It would be wonderful if the Mets had Yordan Alvarez as their DH, a guy who rakes against both righties and lefties. But if you don’t have that stud at DH, the next best thing is to create him with a platoon. And the Mets have 2/3 of that stud with Vogelbach. It’s been a failure of the organization to find the remaining 1/3 of the equation.

But just because the Mets have yet to find the righty to pair with Vogelbach does not mean Vogelbach himself has been a failure. The vitriol directed by some at Vogelbach should be directed towards Darin Ruf and Tommy Pham and Mark Canha. And some of it should be directed at Billy Eppler for trying to fill the righty DH with guys in their mid-30s. Canha’s the youngest of the trio just mentioned, at age 34.

Everyone worries about calling up a prospect and not playing him full time. My worry is continuing to play guys who haven’t shown the hitting chops to be successful. My preference would be to call up Mark Vientos and have him be the starting DH versus LHP the rest of the year. To anyone who’s worried about a rookie playing just 1-3 times a week – how about worrying over the .191 AVG with 3 XBH in 57 PA by Canha and Pham as a DH, instead?

Maybe Canha and/or Pham turns it around. It’s among the possibilities, as 57 PA isn’t very many. Under normal circumstances, it wouldn’t be wise to advocate making changes based on a sample that small. But with the team having dropped five straight series to teams with losing records overall, these circumstances aren’t normal.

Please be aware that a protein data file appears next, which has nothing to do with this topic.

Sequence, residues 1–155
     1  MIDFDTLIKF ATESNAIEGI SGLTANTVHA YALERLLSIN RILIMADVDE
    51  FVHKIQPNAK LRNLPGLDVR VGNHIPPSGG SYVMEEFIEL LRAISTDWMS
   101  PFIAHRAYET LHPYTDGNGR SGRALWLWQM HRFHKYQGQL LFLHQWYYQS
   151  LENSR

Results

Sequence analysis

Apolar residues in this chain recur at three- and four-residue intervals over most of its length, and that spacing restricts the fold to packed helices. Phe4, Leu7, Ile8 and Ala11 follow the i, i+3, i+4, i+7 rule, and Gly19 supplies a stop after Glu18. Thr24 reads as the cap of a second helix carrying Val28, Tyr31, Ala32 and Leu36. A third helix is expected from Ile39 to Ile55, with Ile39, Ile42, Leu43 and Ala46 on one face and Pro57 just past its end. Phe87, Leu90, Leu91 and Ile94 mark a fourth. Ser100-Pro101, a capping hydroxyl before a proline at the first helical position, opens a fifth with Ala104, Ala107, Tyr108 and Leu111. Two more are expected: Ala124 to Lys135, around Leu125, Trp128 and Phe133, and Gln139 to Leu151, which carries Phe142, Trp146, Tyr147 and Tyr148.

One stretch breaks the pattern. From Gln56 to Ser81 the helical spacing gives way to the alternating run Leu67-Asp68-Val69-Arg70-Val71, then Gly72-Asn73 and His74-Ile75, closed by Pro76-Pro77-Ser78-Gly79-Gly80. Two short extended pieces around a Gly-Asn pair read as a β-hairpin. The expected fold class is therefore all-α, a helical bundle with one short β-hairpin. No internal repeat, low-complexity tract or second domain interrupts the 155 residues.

Plus, my preseason expectations for both Canha and Pham were not good. My forecast was for Canha to post a .687 OPS with Pham producing a .586 OPS. To date, overall they have OPS marks of .655 and .693, respectively. And Pham’s mark is that high because of 3 HR in 62 ABs. That HR ratio of 1 every 20.7 ABs, which is virtually the same as Matt Olson (20.6) when he hit 34 HR last year. Do you really think Pham’s going to continue on that pace? Wanting to move on from these two is not something based on early season results. It’s that their early results (with the exception of Pham’s HR) line up with my less-than-good, full-season expectations for them.

The Mets need offense wherever they can find it. They’re getting that offense when Vogelbach is playing versus RHP. His 127 wRC+ (which includes his output versus LHP) this season is the third-best mark on the club, behind only Brandon Nimmo (147) and Alonso (137). Vientos has a 168 wRC+ at Triple-A so far this season. It would be extremely unrealistic to expect him to match that number in the majors. But he is batting .360 with 4 XBH in 28 PA against lefties so far this season.

In theory, the Vogelbach/Vientos (the V&V Boys!) platoon could give the Mets the production at DH that the Astros get with Alvarez. But that was the theory with Ruf and Pham, too, and we all have seen how that’s worked out. But just because it didn’t work with old guys past their prime doesn’t mean it couldn’t work with a young guy on the upswing of his career.

It’s time to find out.

8 comments on “The unfairly maligned Daniel Vogelbach and the Mets’ DH situation

  • NYM6986

    Fair analysis as I have not been a Vogelbach fan but as you point out the numbers don’t lie. One big issue with this year’s team is we essentially retuned the same team offensively from 2022 and appeared to really not take into account player’s decline as they continue to age. Have we decided if Vientos can play adequately anywhere in the field? If that is the case being him up and say goodbye to Pham. McNeil can always be our 4th outfielder. Then bring up Mauricio and send Guillorme and his non existent bat to Syracuse. Our offense struggles need a shot in the arm. We can’t keep falling further behind in the division and have not taken advantage of the schedule that has us playing more games outside the division.